PMCID: PMC3883958  PMID: 23695228
Disparities; HIV; mental health care; psychiatric medication; African American
17.  Prevalence and Risk Factors for HPV in HIV-Positive Young Women Receiving Their First HPV Vaccination 
The objectives of this study were to describe the prevalence and risk factors for HPV infection among HIV-infected young women receiving their first quadrivalent HPV (HPV-6, -11, -16, -18) vaccine dose.
We recruited 16-23 year-old women from 14 sites for an HPV vaccine trial. At the first visit they completed a questionnaire and were tested for cervicovaginal HPV DNA (41 types) and HPV serology (4 vaccine types). Factors associated with any HPV, type-specific HPV, and high-risk (cancer-associated) HPV infection were identified using univariate and multivariable logistic regression.
The mean age of participants (N=99) was 21.4 years, 30.3% were on antiretroviral therapy, 74.7% were positive for > 1 HPV DNA type, 53.5% for > 1 high-risk type, 12.1% for HPV-16, and 5.1% for HPV-18. Most were HPV DNA negative and seronegative for HPV-16 (55.6%) and HPV-18 (73.7%); 45.5% were HPV DNA and seronegative for both HPV-16 and -18. Three variables were associated with high-risk HPV DNA in multivariable analysis: non-Hispanic Black vs. Hispanic ethnicity (AOR 7.06, 95% CI 1.63-30.5), HIV viral load > 400 vs. < 400 copies/mL (AOR 3.47, 95% CI 1.28-9.43), and frequency of vaginal sex in the past 90 days (AOR 5.82, 95% CI 1.30-26.11 for > 6 vs. 0 times).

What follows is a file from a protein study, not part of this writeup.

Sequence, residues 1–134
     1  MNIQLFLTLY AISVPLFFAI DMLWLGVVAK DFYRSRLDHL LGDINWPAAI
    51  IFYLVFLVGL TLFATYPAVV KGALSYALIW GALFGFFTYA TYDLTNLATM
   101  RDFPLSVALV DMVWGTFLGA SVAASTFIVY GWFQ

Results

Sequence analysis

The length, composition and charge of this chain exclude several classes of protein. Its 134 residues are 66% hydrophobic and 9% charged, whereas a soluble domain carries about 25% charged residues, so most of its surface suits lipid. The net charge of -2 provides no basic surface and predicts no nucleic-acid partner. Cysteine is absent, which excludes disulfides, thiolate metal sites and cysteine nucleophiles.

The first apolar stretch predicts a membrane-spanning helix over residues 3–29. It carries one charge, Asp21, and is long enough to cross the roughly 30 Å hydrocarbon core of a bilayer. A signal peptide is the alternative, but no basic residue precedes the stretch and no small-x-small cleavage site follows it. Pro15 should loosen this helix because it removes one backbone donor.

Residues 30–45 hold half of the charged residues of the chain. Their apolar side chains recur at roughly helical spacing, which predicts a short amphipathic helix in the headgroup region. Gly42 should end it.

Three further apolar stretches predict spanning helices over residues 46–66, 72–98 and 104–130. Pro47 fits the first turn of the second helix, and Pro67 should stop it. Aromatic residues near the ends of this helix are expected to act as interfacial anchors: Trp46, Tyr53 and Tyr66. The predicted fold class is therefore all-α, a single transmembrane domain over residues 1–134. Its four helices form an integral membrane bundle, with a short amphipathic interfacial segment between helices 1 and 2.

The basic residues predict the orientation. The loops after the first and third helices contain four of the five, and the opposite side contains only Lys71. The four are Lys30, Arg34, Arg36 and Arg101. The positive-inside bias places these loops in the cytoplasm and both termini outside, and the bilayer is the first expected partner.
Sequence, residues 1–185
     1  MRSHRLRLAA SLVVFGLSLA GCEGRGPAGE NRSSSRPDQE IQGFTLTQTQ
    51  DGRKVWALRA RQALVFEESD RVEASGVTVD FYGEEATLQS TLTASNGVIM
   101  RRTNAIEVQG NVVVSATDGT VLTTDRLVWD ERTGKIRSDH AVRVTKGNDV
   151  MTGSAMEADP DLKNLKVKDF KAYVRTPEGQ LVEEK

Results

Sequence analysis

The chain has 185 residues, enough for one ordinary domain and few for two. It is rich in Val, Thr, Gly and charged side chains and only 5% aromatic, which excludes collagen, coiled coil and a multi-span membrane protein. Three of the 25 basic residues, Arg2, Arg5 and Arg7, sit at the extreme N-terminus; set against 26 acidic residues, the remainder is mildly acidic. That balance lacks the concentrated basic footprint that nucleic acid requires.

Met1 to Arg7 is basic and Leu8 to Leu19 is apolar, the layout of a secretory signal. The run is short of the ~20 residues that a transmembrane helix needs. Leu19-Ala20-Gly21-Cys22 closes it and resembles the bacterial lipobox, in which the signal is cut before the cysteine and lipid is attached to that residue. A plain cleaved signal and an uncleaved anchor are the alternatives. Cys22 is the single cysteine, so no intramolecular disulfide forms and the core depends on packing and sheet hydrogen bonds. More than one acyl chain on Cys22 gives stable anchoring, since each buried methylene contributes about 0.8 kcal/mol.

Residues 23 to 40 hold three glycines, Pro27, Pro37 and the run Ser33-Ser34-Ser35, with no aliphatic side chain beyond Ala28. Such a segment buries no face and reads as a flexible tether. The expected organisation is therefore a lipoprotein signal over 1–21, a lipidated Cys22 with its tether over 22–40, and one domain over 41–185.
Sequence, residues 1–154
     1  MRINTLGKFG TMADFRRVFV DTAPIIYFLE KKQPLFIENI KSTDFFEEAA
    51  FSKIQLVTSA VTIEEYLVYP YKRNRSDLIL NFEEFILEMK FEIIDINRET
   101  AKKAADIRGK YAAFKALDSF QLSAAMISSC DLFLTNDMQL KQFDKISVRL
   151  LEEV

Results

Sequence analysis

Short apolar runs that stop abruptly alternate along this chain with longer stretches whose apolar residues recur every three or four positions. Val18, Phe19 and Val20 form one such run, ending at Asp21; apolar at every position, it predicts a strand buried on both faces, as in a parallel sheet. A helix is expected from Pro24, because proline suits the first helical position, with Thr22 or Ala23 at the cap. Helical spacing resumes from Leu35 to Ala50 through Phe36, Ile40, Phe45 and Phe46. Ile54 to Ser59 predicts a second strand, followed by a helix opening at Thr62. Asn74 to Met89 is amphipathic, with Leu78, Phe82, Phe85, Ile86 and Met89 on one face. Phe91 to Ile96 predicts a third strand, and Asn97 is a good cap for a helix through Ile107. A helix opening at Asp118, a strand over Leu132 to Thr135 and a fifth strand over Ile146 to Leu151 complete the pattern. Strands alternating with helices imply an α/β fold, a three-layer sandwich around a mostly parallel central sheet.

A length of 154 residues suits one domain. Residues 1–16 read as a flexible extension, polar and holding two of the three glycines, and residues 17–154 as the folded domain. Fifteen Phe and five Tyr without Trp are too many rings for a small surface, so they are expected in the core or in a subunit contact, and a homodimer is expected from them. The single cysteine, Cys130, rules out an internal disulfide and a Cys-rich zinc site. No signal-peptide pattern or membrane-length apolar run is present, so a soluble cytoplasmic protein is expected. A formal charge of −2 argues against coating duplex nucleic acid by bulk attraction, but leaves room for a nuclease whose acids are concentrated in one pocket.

The prevalence of > 1 HPV type was high in these young women, demonstrating the importance of vaccinating prior to sexual initiation. However, most were HPV DNA negative and seronegative for high-risk, vaccine-type HPV infection, supporting vaccination of sexually experienced HIV-positive young women.
PMCID: PMC3480995  PMID: 22820809
human papillomavirus; vaccine; epidemiology; women; HIV
18.  Low Bone Mass in Behaviorally HIV-Infected Young Men on Antiretroviral Therapy: Adolescent Trials Network Study 021B 
We report evidence of low bone mass in behaviorally human immunodeficiency virus (HIV)–infected young men on antiretroviral therapy with a relatively recent diagnosis of HIV infection, compared with seronegative controls.
Background. Peak bone mass is achieved in adolescence/early adulthood and is the key determinant of bone mass in adulthood. We evaluated the association of bone mass with human immunodeficiency virus (HIV) infection and antiretroviral therapy (ART) during this critical period among behaviorally HIV–infected young men and seronegative controls.
Methods. HIV-positive men (N = 199) and HIV-negative controls (N = 53), ages 14–25 years, were studied at 15 Adolescent Trials Network for HIV/AIDS Interventions sites. HIV-positive participants were recruited on the basis of ART status: ART-naive (N = 105) or on a regimen containing a nonnucleoside reverse transcriptase inhibitor (NNRTI; N = 52) or protease inhibitor (PI; N = 42). Bone mineral density (BMD) and content (BMC) and body composition were measured by dual-energy X-ray absorptiometry (DXA). Results were compared across groups by linear modeling. Bone results were adjusted for race, body mass index (BMI), and type of DXA (Hologic/Lunar).
Results. The HIV-positive and HIV-negative groups had comparable median age (21 years) and racial/ethnic distribution. Median times since HIV diagnosis were 1.3, 1.9, and 2.2 years in the ART-naive, NNRTI, and PI groups, respectively (P = .01). Total and regional fat were significantly lower in the ART-naive group compared with seronegative controls. Mean BMD and Z scores were generally lower among HIV-positive participants on ART, particularly in the PI group. Average Z scores for the spine were below zero in all 4 groups, including controls.